Alberta’s Aboriginal Consultation Levy on Industry
On May 8, 2013, Bill 22 – Aboriginal Consultation Levy Act (Bill 22) was introduced in the Legislative Assembly of Alberta. Bill 22 passed Third Reading on May 15, 2013, and received Royal Assent on May 27, 2013. Bill 22 will come into force "on proclamation."
Substance of Bill 22
Bill 22 proposes to charge a levy to proponents (defined in Bill 22 as persons who undertake a provincially regulated activity) under the new Aboriginal Consultation Levy Act (Act) and regulations for the purposes of making grants to First Nations or other identified Aboriginal groups to "assist them in developing capacity to participate in, and in meeting the costs of, any required Crown consultation in respect of provincial regulated activities." Subsection 4(3) of Bill 22 states that the funds collected through the levy will also be used to pay for the costs of administering the Act.
Notable details of Bill 22 include:
- The regulations will prescribe the details of the amount(s) of the levy to be paid by proponents, the amount(s) and form of payment to Aboriginal groups (e.g., lump sum versus payments) and the conditions under which payments will be made (at the time of writing, no draft regulations were available for review).
- A Consultation Levy Fund will be established and may only be used to make grants to First Nations and other identified Aboriginal groups in respect of consultation, as well as to pay the costs of administering the Act.
- In accordance with the regulations, the Minister may require proponents to provide personal information, records and other documents, including confidential information and copies of agreements relating to consultation capacity and other benefits, in order to assist the Minister in determining the amount of grants and to plan and facilitate required Crown consultation.
- The regulations may provide for administrative penalties to enforce payment of levies or for failure to comply with a request for information.
- A decision of the Minister under the Act is final and binding, and is not subject to review.
Notably, Bill 22 says nothing about expectations on proponents outside of the context of Bill 22 – that is, if government provides consultation capacity funding to Aboriginal groups pursuant to Bill 22 and presumably based on some form of payment(s) made by a particular proponent, is that proponent expected to provide any additional funds to an Aboriginal group over and above what it has already paid by way of the consultation levy? Additionally, the payment of a levy under Bill 22 does not, by itself, deal with the expectations that Aboriginal groups may have what they ought to receive in terms of capacity funding. The Bill also contemplates that parties may be required by law to divulge the details of what would otherwise be confidential agreements (such as benefits agreements) between two private parties.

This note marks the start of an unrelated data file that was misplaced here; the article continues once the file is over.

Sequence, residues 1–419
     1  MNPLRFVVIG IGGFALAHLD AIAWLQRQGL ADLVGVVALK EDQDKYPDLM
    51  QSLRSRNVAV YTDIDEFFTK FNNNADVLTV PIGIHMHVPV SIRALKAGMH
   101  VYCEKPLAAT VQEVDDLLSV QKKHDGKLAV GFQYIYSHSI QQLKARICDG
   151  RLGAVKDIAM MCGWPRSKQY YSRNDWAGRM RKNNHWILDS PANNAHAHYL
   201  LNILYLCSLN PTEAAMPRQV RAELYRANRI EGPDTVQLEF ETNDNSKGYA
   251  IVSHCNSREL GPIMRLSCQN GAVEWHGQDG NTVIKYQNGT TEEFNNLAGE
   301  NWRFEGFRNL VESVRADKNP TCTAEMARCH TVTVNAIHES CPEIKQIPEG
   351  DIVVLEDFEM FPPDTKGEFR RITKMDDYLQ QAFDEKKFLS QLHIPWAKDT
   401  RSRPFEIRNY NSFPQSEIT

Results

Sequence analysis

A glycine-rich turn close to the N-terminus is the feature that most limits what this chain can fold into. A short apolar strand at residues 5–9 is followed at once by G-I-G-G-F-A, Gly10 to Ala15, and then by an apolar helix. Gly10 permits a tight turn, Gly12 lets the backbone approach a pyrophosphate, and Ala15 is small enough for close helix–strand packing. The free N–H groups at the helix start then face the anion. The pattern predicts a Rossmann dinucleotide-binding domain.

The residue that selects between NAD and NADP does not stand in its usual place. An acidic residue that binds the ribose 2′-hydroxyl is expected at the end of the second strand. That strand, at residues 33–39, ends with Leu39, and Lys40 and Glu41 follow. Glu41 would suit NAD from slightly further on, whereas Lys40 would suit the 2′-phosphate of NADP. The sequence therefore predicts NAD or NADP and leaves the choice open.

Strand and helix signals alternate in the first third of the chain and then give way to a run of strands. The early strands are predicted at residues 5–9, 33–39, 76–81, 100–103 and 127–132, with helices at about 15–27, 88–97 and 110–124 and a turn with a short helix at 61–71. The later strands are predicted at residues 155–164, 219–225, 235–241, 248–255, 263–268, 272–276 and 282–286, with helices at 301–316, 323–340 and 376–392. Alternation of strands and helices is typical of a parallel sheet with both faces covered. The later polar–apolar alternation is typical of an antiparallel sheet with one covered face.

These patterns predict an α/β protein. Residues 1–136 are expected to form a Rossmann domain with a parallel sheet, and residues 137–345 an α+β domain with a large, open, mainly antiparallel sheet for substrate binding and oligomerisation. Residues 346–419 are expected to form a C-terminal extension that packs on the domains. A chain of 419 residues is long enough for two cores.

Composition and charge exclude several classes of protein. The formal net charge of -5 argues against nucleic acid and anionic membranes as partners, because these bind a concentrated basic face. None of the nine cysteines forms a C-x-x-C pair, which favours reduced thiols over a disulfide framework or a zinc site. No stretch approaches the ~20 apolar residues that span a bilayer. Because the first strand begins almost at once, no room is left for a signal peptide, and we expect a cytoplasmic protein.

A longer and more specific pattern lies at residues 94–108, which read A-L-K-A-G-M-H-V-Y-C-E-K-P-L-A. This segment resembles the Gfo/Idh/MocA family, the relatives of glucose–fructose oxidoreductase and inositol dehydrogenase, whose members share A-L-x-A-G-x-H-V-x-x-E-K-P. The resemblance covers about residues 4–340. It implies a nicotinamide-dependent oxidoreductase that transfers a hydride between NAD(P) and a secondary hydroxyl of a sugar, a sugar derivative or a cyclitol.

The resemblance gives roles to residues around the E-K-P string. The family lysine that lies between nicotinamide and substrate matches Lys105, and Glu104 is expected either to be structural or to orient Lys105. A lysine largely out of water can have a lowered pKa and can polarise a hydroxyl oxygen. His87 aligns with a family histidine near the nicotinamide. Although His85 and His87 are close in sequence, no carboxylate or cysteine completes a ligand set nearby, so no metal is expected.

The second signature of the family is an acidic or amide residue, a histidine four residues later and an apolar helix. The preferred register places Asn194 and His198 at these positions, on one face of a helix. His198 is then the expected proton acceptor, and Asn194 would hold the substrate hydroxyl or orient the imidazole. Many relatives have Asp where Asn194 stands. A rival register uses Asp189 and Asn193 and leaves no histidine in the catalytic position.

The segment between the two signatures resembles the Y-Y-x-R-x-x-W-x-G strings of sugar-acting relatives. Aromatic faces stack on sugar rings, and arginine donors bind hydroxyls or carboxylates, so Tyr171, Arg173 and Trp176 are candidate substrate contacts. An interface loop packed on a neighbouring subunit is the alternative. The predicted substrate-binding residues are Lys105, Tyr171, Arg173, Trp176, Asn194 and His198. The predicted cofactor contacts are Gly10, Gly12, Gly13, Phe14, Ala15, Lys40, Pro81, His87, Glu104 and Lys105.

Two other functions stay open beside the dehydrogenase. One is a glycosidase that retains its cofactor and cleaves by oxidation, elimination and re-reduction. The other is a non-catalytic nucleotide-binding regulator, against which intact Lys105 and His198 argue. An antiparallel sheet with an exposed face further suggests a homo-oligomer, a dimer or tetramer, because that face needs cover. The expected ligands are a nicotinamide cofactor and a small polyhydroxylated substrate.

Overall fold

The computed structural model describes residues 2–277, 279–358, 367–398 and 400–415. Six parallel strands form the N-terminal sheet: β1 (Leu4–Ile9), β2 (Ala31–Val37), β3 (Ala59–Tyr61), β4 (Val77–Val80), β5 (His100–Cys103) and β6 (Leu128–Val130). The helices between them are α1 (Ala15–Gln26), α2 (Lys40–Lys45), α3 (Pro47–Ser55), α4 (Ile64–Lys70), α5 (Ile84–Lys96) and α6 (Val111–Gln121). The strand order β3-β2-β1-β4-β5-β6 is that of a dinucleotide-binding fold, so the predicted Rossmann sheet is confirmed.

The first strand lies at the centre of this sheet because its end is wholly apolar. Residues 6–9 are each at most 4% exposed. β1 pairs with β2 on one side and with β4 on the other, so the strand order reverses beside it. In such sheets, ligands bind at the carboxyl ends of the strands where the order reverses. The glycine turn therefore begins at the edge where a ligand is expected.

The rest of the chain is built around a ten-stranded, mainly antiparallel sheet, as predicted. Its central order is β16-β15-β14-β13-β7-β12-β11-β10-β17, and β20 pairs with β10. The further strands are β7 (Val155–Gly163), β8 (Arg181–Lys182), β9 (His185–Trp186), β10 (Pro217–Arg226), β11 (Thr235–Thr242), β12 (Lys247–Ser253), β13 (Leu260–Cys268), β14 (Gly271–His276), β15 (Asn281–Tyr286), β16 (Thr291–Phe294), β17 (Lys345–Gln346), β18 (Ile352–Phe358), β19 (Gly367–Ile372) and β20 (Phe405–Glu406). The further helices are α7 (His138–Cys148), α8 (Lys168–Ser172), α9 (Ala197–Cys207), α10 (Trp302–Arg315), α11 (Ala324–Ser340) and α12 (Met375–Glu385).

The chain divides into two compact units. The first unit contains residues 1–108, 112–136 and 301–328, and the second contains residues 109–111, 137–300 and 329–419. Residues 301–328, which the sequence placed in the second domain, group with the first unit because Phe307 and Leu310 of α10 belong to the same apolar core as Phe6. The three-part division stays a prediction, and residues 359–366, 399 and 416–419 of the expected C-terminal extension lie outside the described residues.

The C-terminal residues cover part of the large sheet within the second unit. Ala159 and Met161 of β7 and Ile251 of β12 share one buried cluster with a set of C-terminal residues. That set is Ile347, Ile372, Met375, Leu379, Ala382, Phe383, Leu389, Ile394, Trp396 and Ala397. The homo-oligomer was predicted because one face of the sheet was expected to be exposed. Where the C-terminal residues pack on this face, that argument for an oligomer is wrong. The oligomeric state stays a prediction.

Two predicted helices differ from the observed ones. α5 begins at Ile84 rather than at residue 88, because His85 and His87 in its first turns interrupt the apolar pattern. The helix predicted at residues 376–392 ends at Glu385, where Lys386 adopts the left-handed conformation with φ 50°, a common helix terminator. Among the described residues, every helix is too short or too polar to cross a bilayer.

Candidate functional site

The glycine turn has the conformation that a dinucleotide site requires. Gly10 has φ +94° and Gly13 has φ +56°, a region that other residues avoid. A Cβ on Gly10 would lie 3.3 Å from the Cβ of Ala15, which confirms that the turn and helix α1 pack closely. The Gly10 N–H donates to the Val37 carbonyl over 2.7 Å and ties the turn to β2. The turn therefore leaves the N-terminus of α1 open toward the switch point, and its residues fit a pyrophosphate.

During the Third Reading of Bill 22 in the Legislative Assembly, the Minister of Aboriginal Relations noted that the idea for Bill 22 came up during discussions with First Nations and industry as part of the development of Alberta’s new First Nation Consultation Policy, available in draft format online. First Nations and industry had advised the government that the current capacity funding levels from Alberta were inadequate to enable First Nations to carry out their consultation obligations. However, opponents of Bill 22 argued that it could fundamentally change the relationship between the Crown, First Nations and proponents, and that the six-day review period between First and Third Reading was inadequate. Details of the recent legislative debate are available online on Hansard.
While Bill 22 is a novel effort by a provincial government to implement a source of revenues for consultation, the substance of Bill 22 will be in its regulations and it will be on that basis that its utility will likely be determined.